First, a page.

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New to Console: Star Trek Online Hits Xbox One and PS4 on Sept. 6

by on September 5, 2016
 

Star Trek Online is one of the most expansive MMORPG’s to date, bursting onto the scene in early 2010. In operation for more than six years, the game and its developers have unleashed 11 seasons and more than 130 episodes. Starting on September 6, 2016, the game is launching for the first time on console. Players will able to download the game for free on the Xbox One and Playstation 4. Not only that, but they will have access to all of the content that has been added to the game for no extra cost. It’s a feat worthy of much celebration for Star Trek Online and their developer Cryptic Studios.

The Star Trek Online team announced and confirmed the release date for consoles at the 50th Anniversary. They were on hand at the expo to show off the new controls, talk about 3D printing ships and what 50 years of Star Trek means to them.

Still interested in the PC version? You can check out their Steam page for more.

Photo courtesy of Star Trek Online and Cryptic Studios.

Photo courtesy of Star Trek Online and Cryptic Studios.

What are the pros and cons of Star Trek Online coming to consoles? 

Steve: It’s all pros! It’s very exciting. We spent a lot of time coming up with a brand new control system, and we our core technology team spent a lot of time giving us new lighting graphics, which we went through an applied throughout the game to bring it up to current generation standards that we didn’t have six and a half years ago. We took the user interface (UI) from the PC and scrapped it for a brand new console-only UI, purposely built for the controller.

 

Star Trek Online for Xbox One and PS4 comes out September 6; will fans who download it be able to play their PC account on a console? 

Steve: PC, Xbox and PS4 are all separate and the game is downloadable for free. You don’t have a subscription, we don’t charge for updates, it is all free.

 

How was the decision made to branch out to consoles?

Steve: Our company, Cryptic Studios, shipped another product, Neverwhere, onto consoles, and it did really well. So we saw there are people on the console space who are interested in playing those. We thought we would try and bring Star Trek to do the same thing.

 

Photo courtesy of Star Trek Online and Cryptic Studios.

Photo courtesy of Star Trek Online and Cryptic Studios.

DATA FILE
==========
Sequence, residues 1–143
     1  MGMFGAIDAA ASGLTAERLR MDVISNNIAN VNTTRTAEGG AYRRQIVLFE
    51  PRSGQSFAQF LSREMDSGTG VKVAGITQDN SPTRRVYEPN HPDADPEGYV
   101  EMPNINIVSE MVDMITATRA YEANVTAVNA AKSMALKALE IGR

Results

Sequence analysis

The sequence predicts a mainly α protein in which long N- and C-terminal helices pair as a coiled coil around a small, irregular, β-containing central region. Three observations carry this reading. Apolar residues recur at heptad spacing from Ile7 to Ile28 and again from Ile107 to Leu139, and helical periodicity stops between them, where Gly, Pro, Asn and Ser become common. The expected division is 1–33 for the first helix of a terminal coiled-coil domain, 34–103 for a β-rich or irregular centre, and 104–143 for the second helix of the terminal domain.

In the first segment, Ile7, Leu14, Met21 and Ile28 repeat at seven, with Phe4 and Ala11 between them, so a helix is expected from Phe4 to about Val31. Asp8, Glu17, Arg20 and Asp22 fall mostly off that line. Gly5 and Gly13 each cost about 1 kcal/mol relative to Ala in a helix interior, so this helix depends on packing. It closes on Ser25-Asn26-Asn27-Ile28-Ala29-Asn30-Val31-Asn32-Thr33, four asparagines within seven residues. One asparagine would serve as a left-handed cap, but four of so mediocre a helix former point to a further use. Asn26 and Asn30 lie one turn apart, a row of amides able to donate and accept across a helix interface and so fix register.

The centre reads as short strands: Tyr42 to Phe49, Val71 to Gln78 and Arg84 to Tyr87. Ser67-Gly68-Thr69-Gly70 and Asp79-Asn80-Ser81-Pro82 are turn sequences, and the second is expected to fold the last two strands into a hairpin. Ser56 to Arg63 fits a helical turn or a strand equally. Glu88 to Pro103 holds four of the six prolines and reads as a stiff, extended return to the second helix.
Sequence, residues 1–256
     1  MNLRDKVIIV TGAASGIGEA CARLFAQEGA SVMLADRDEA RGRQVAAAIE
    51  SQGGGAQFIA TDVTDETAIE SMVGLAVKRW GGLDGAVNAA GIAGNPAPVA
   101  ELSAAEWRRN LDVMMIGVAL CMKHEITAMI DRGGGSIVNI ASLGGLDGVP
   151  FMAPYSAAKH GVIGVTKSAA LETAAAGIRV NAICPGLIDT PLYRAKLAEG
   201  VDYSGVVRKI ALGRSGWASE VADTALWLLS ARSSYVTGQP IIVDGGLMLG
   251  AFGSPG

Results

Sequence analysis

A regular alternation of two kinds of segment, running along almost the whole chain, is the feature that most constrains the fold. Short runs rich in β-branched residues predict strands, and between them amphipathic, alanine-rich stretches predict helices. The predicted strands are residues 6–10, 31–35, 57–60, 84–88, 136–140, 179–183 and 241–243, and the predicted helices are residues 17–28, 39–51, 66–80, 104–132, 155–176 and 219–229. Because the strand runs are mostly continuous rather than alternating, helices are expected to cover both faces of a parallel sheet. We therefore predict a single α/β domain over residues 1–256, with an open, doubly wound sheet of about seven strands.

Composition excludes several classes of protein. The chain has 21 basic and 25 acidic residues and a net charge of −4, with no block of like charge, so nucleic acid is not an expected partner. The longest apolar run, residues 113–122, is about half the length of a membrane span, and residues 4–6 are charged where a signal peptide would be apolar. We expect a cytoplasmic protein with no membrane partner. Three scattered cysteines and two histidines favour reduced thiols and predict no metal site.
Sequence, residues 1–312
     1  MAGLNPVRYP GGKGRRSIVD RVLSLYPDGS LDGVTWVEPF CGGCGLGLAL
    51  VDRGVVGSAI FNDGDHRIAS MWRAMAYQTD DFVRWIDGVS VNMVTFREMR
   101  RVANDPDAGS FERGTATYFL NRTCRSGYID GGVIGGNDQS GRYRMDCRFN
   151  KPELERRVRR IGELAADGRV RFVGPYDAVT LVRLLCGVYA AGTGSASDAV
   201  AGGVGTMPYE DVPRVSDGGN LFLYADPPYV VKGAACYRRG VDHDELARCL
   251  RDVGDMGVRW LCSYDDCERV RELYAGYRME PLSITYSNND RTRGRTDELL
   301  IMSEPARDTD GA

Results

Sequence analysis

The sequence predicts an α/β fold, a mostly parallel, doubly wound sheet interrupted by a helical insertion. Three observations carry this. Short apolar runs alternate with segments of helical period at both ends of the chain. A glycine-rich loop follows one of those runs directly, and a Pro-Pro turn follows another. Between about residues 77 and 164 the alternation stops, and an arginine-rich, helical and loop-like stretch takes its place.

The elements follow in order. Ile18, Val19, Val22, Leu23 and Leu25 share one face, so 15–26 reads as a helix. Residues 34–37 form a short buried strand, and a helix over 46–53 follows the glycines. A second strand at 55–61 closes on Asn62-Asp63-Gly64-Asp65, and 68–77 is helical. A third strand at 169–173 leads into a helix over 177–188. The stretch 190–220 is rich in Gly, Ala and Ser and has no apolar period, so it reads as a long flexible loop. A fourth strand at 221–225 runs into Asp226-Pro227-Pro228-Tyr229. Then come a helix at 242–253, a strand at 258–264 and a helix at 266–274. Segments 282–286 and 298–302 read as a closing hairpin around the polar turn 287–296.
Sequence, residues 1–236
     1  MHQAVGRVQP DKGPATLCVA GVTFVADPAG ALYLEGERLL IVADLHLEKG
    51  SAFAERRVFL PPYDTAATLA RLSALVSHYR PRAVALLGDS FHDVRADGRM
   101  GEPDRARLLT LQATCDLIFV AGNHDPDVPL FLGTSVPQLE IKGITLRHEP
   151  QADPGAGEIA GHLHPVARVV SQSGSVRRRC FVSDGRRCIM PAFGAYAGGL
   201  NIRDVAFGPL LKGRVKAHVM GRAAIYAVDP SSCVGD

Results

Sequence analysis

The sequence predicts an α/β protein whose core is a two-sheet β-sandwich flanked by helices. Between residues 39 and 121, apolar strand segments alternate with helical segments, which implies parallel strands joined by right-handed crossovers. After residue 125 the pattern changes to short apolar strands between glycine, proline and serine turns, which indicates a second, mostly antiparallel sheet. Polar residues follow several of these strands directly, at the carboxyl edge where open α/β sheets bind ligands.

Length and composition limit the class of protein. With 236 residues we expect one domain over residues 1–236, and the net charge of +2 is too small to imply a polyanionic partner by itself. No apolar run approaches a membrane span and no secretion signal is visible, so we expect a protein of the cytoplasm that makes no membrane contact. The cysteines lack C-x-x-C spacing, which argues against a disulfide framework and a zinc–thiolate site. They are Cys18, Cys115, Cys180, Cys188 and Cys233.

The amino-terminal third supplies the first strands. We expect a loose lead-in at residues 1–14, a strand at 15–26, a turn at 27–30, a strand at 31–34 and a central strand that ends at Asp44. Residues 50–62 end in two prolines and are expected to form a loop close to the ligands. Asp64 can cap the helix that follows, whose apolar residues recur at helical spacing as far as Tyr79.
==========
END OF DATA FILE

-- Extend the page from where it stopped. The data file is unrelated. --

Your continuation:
You’re also allowing players to purchase 3D-printed ships of their customized ships, how did that come about and how does it work?

 Steve: That’s something we wanted to do when we launched nearly seven years ago. We always thought it would be so cool and the technology has gotten to the point where it is simpler to do, and we found our partner Eucl3D and they had a system come give us an API that we can put into the game and print out ships. It’s not just the base ships, it’s your customizations for your ships, every little part you change or materials you put on there and texture changes.

 

How long does it take to create the 3D ship?

Steve: The turnaround is a month. You push the ‘make-it’ button and in a month it will be at your house.

 

How do you bring together the history of Star Trek into the game? 

Steve: The game takes places 30 years past Nemesis, so we draw from all different series of TV shows and movies to bring kind of a nostalgic refresh Trek experience. We bring out old bad guys and new villains, but there are people that if you watch the show a lot you probably would have heard of. Then there is also continuing the serialized story that takes players on an amazing journey.

 

Photo courtesy of Star Trek Online and Cryptic Studios.

Photo courtesy of Star Trek Online and Cryptic Studios.

How does the community drive the game?

Steve: We interact with the community quite a bit on different forums like Reddit, Twitter, and we hear their feedback. So when we sit down and plan out a release, we call them seasons, we look at their feedback and say this is kind of what they are hungry for and this is what the game needs on our side, and this kind of what they want. We try and merge that altogether and take their feedback.

 

Are there any underutilized or overlooked features to the game? 

Steve: No, they dive in there and play quite a bit. They kind of explore everything about our game and a variety of systems, episodes, in-game and fleets.

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